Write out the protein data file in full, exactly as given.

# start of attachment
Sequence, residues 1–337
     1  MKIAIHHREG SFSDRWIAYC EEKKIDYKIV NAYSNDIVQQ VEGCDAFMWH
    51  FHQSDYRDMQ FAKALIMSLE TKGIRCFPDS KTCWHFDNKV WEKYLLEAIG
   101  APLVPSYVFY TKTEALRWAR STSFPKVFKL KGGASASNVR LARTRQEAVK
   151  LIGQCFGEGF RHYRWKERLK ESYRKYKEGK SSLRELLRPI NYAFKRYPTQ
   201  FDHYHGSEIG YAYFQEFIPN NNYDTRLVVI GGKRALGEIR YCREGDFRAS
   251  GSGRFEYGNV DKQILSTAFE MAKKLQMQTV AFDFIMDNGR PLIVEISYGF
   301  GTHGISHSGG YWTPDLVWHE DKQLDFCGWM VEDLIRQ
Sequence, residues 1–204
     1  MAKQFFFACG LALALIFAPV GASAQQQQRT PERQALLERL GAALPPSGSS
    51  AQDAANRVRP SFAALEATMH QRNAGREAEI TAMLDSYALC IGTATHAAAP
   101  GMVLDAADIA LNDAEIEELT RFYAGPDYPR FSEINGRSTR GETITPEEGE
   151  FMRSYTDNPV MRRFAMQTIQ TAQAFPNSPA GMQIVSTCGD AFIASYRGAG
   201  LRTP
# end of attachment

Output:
Sequence, residues 1–337
     1  MKIAIHHREG SFSDRWIAYC EEKKIDYKIV NAYSNDIVQQ VEGCDAFMWH
    51  FHQSDYRDMQ FAKALIMSLE TKGIRCFPDS KTCWHFDNKV WEKYLLEAIG
   101  APLVPSYVFY TKTEALRWAR STSFPKVFKL KGGASASNVR LARTRQEAVK
   151  LIGQCFGEGF RHYRWKERLK ESYRKYKEGK SSLRELLRPI NYAFKRYPTQ
   201  FDHYHGSEIG YAYFQEFIPN NNYDTRLVVI GGKRALGEIR YCREGDFRAS
   251  GSGRFEYGNV DKQILSTAFE MAKKLQMQTV AFDFIMDNGR PLIVEISYGF
   301  GTHGISHSGG YWTPDLVWHE DKQLDFCGWM VEDLIRQ
Sequence, residues 1–204
     1  MAKQFFFACG LALALIFAPV GASAQQQQRT PERQALLERL GAALPPSGSS
    51  AQDAANRVRP SFAALEATMH QRNAGREAEI TAMLDSYALC IGTATHAAAP
   101  GMVLDAADIA LNDAEIEELT RFYAGPDYPR FSEINGRSTR GETITPEEGE
   151  FMRSYTDNPV MRRFAMQTIQ TAQAFPNSPA GMQIVSTCGD AFIASYRGAG
   201  LRTP